COLLABORATION

This collaboration wants to give heart patients a new lease on life

SOURCE: Designecologist/Unsplash
What if doctors could detect pathological changes in a patient’s heart tissue before the heart function is compromised?


By U2B Staff 

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What if with new advancements to cardiovascular technology, doctors are able to detect pathological changes in a patient’s heart tissue before the heart function is compromised?

Think of the lives it could save, not to mention the money.

That’s exactly what Washington University School of Medicine in St. Louis and United Imaging hope to accomplish in their multi-year strategic research partnership.

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Working in multiple phases over four to five years, researchers will be leveraging United Imaging’s uMR 570 system to advance research in cardiovascular MR, with the goal of improving patient outcomes.

This ability to detect a heart problem before it becomes irreversible will doctors a chance to intervene before patient health is severely affected. For patients, this breakthrough would effectively give them a new lease on life.

“For example, some chemotherapy drugs can cause heart damage, but such problems typically aren’t detected until patients develop symptoms,” said cardiologist Gregory M. Lanza, Professor of medicine, biomedical engineering, and biology and biomedical sciences at Washington University School of Medicine.

He said through the partnership, researchers hope to learn whether non-invasive cardiac MR would be able to predict the likelihood of a problem occurring, by identifying changes in heart tissue.

“Such a technology would provide highly detailed information about the heart to physicians and opportunities to modify treatment to improve health outcomes, which is the ultimate goal,” he said.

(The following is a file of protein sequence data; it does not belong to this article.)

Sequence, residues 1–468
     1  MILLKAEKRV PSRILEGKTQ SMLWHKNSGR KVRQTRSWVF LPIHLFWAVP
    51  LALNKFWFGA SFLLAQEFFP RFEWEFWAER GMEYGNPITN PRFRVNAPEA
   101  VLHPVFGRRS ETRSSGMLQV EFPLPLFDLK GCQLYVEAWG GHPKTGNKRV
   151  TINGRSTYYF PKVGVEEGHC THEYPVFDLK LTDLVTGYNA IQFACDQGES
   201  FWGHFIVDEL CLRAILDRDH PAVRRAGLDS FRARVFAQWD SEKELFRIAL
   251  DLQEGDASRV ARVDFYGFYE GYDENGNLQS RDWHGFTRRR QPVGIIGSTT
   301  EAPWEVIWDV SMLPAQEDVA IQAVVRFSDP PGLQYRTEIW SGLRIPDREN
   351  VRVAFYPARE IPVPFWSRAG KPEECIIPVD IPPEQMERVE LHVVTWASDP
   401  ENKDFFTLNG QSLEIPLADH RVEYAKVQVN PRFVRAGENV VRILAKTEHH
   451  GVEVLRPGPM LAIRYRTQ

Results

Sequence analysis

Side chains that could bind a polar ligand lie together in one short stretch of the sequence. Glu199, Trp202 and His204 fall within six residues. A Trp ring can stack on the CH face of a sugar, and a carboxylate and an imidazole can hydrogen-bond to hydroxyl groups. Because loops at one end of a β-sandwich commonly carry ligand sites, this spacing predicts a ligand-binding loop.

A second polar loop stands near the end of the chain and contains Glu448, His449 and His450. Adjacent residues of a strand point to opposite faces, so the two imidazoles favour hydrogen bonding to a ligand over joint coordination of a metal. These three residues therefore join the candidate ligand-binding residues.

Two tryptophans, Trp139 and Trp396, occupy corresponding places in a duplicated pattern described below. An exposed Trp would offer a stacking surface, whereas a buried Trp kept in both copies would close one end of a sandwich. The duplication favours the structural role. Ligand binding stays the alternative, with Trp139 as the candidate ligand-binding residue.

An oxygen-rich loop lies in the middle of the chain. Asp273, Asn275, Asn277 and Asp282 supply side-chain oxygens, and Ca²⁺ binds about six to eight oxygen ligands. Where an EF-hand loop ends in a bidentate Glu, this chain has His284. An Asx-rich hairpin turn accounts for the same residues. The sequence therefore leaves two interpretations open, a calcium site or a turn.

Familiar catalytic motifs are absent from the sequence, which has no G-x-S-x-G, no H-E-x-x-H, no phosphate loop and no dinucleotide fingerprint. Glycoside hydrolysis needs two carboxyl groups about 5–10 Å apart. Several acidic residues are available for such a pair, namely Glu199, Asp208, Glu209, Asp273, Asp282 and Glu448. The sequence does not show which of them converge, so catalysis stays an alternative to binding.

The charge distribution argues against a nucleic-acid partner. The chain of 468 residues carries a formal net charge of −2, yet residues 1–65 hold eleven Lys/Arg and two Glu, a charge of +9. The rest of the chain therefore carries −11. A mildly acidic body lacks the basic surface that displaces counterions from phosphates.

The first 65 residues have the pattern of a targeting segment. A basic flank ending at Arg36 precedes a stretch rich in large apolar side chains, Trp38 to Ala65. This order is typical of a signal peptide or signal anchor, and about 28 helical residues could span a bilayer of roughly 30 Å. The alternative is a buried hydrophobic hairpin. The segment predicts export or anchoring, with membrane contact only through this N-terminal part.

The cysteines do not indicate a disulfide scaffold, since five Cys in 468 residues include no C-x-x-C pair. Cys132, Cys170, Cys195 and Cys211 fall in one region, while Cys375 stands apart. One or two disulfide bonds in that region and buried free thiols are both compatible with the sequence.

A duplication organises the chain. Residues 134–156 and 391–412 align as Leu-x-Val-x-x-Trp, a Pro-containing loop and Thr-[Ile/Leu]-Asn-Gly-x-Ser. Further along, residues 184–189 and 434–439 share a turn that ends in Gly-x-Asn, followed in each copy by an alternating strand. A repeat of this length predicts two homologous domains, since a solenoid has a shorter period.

Adding on, Jie Zheng, Associate Professor of radiology and biomedical engineering at Washington University School of Medicine, said:

“With the enhancement of artificial intelligence, our aim is to apply fast cardiovascular MR imaging to patients with potentially severe heart problems, enabling a higher degree of precision that could influence treatment options.”

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He added that use of United Imaging’s cardiovascular technology, as well as the firm’s commitment to R&D, are critical to the success of the collaboration.

Likewise, United Imaging said it is with the research might of Washington University’s researchers can such collaborations turn out useful innovations with the potential to save human lives.

“Our agreement with Washington University’s medical school will allow us to further revolutionise cardiovascular technology,” said Lingzhi Lance Hu, PhD, Director of Global Scientific Collaboration, United Imaging.

“We can’t emphasise enough the importance of academic collaborators like Washington University who share our vision of focusing research efforts on clinical topics relevant to a broad population.”

Dr. Steve Tan, United Imaging’s Co-CEO, Imaging Diagnostic & Treatment Group, agreed, saying:

“We believe that our combined efforts with Washington University School of Medicine in St. Louis will have a significant impact on the use of MR in cardiac research.”

Founded in 2011, the Shanghai-headquartered United Imaging develops and produces a full portfolio of advanced medical imaging and radiotherapy equipment and offers medical IT and intelligent solutions. The firm currently has subsidiaries and R&D centers across China, US, and other parts of the world.